Nawaz Sharif in Riyadh as Pakistan plays peacemaker in Iran-Saudi row
RIYADH - Pakistan's Prime Minister Nawaz Sharif held talks with Saudi King Salman on Monday as part of efforts to ease regional tensions between the Sunni kingdom and Shiite Iran.
Sharif is to head on Tuesday to Riyadh's rival Iran where he is expected to meet President Hassan Rouhani.
Saudi Arabia and a number of its Arab allies cut diplomatic ties with Iran in early January, sending already tense relations between the rival nations to a new low.
Riyadh reacted after protesters burned Saudi diplomatic missions in Iran after the kingdom on January 2 executed Shiite cleric Nimr al-Nimr.
He was among 47 people put to death in a single day for "terrorism". Most of those executed were Sunnis.
According to the Saudi Press Agency, Salman "welcomed the prime minister of Pakistan and his delegation" to his palace.
The report gave no details of their discussions, which SPA earlier said were to touch on regional as well as bilateral issues.
"Pakistan is deeply concerned at the recent escalation of tensions between the Kingdom of Saudi Arabia and the Islamic Republic of Iran," Islamabad's foreign ministry spokesman Qazi Khalilullah said ahead of Sharif's trip.
He said the prime minister had called for a peaceful settlement of differences in the interests of Muslim unity.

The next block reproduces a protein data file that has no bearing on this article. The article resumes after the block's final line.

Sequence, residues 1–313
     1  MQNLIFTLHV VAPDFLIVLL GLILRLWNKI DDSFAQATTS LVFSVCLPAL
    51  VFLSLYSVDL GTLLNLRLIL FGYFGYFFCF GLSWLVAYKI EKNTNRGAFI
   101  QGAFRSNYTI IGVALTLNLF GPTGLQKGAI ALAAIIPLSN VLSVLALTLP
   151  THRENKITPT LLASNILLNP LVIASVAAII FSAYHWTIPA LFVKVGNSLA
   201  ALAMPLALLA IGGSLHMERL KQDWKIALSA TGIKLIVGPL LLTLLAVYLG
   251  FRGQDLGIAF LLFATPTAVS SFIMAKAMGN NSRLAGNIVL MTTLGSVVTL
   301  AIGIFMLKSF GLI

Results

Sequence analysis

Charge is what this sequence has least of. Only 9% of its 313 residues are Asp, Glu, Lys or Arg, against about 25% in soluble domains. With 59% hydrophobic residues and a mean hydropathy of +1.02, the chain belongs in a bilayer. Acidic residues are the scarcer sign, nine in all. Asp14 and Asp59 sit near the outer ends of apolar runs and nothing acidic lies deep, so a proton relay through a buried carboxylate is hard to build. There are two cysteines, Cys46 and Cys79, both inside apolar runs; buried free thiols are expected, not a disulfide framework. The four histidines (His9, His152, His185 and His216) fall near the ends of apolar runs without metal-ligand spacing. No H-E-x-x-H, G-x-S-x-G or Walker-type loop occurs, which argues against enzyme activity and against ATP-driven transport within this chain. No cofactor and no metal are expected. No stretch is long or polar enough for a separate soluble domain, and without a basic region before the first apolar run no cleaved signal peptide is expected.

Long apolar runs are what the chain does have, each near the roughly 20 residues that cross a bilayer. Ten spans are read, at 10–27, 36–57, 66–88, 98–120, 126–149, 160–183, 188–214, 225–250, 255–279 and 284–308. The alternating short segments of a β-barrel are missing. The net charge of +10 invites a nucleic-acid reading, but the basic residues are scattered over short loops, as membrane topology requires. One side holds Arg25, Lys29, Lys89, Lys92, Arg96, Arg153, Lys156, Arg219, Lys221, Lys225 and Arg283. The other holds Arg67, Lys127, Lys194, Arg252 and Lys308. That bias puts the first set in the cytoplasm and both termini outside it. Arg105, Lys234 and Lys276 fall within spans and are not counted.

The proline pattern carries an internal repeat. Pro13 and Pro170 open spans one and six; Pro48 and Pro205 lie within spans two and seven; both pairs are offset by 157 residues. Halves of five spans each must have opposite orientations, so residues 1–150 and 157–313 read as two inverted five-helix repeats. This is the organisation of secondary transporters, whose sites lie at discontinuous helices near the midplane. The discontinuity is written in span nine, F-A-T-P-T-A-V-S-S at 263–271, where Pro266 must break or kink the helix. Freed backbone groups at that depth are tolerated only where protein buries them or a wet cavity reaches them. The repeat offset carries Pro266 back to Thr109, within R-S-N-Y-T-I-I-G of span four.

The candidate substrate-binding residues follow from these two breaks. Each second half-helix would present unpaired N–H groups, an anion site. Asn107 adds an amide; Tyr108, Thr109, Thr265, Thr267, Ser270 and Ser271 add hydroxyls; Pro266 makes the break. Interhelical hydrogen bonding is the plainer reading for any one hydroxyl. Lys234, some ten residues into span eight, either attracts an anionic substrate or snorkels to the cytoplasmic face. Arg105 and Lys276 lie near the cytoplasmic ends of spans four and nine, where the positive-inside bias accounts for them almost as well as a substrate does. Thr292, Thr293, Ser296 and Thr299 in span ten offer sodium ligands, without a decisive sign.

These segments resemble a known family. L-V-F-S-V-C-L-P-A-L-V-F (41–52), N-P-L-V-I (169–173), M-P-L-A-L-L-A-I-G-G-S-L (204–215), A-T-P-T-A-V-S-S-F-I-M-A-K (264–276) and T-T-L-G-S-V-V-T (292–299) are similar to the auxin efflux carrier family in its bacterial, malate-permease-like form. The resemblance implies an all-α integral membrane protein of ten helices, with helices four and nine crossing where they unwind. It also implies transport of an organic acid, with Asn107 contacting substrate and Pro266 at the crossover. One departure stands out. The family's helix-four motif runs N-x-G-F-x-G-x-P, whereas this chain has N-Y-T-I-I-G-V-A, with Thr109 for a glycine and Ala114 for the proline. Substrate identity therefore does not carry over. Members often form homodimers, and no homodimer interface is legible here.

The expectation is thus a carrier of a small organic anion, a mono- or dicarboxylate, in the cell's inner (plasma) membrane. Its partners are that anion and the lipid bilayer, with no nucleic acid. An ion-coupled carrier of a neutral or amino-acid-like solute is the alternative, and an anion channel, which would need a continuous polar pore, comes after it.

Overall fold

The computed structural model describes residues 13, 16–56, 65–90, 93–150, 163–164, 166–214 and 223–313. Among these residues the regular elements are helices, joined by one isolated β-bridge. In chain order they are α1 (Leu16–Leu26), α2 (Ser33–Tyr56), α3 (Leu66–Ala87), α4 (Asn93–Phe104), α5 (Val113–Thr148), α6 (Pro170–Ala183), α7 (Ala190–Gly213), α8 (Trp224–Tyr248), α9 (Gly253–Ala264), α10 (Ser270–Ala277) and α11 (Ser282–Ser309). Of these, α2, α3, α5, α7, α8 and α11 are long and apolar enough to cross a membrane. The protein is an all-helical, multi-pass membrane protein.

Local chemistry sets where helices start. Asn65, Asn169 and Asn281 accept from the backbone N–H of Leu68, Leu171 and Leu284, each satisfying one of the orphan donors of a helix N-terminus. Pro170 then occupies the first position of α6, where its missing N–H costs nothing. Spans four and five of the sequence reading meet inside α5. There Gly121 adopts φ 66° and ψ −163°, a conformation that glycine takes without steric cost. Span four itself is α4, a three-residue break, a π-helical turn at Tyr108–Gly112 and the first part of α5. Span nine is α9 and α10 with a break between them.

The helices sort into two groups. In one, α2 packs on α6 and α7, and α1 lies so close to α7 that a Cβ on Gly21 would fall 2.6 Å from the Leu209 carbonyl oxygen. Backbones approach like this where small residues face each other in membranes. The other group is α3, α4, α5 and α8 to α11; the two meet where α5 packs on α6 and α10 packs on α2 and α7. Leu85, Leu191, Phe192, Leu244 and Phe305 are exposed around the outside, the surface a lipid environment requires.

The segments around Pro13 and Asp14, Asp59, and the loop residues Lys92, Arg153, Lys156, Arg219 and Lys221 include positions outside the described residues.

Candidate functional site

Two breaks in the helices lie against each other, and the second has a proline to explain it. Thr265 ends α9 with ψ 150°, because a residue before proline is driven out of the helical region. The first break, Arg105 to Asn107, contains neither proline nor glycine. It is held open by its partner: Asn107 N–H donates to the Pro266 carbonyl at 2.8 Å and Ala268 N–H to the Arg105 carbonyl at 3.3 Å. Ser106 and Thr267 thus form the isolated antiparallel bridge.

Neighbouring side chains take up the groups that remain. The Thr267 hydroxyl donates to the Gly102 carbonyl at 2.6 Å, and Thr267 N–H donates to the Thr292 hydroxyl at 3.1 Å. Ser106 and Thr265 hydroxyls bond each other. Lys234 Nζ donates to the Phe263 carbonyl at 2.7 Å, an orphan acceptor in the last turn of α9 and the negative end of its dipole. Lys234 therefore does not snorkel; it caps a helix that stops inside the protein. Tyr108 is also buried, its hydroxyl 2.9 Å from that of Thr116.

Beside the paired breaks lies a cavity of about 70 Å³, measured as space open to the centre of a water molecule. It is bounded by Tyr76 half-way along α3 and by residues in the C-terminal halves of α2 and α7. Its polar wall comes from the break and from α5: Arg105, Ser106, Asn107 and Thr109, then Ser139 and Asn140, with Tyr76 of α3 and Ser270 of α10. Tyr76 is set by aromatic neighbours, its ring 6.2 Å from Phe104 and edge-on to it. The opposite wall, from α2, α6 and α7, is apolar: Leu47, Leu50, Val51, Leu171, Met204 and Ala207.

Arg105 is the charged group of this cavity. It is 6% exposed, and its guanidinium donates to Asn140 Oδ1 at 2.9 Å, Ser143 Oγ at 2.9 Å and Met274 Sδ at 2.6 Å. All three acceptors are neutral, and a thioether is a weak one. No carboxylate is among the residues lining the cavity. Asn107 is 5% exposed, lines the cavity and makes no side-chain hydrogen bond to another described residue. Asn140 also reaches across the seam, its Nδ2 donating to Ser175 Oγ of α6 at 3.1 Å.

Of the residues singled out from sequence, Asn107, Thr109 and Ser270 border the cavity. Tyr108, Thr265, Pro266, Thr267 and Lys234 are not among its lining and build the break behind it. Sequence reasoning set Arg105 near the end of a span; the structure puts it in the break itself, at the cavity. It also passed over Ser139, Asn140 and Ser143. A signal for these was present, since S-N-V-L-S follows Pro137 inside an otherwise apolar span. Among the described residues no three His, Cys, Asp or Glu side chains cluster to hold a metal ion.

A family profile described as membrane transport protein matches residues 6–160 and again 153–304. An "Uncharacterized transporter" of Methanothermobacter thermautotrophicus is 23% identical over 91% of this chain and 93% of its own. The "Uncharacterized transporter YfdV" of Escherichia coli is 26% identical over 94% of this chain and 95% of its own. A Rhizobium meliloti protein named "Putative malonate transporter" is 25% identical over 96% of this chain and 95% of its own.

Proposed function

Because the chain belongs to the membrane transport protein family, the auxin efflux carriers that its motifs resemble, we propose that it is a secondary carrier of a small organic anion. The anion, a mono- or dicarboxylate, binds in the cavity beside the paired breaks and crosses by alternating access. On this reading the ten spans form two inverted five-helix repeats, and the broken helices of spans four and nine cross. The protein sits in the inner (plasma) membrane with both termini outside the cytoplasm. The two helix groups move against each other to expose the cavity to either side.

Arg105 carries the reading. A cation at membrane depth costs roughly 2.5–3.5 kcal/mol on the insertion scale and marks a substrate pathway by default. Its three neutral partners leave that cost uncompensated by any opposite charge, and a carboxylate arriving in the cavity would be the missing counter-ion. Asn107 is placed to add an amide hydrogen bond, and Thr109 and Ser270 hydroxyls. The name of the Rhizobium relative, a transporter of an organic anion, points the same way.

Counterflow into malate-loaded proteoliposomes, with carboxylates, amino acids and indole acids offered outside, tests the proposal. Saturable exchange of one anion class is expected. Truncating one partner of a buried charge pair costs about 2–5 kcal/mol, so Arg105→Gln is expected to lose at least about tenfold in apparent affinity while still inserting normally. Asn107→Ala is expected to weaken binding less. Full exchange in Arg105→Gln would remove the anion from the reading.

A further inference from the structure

"The purpose of the visit is to mediate and to end the standoff between the two countries," a Pakistani government official said, requesting anonymity.
Sharif arrived two days after a historic international deal lifted sanctions on Iran in return for a scaling back of its nuclear capabilities.
Riyadh fears the agreement will only further embolden Iran, which it accuses of regional interference.
SPA said the prime minister was accompanied by Pakistan's powerful army chief, General Raheel Sharif.
Pakistan is a majority Sunni country but 20 percent of the population is Shiite.
The country's parliament last year refused to send forces to help a Saudi-led Arab coalition fighting Iran-backed Shiite Huthi rebels in Yemen.
But this month Islamabad said it "welcomes" a separate Saudi coalition of 34 nations to combat "terrorism" in the Islamic world.
Diplomats have said it remained unclear how that coalition will work in practice.
Pakistan has deep military ties with Saudi Arabia and it has long benefited from the oil-rich kingdom's largesse.
Sharif himself has close personal ties with the Saudi royal family who sheltered him during years in exile.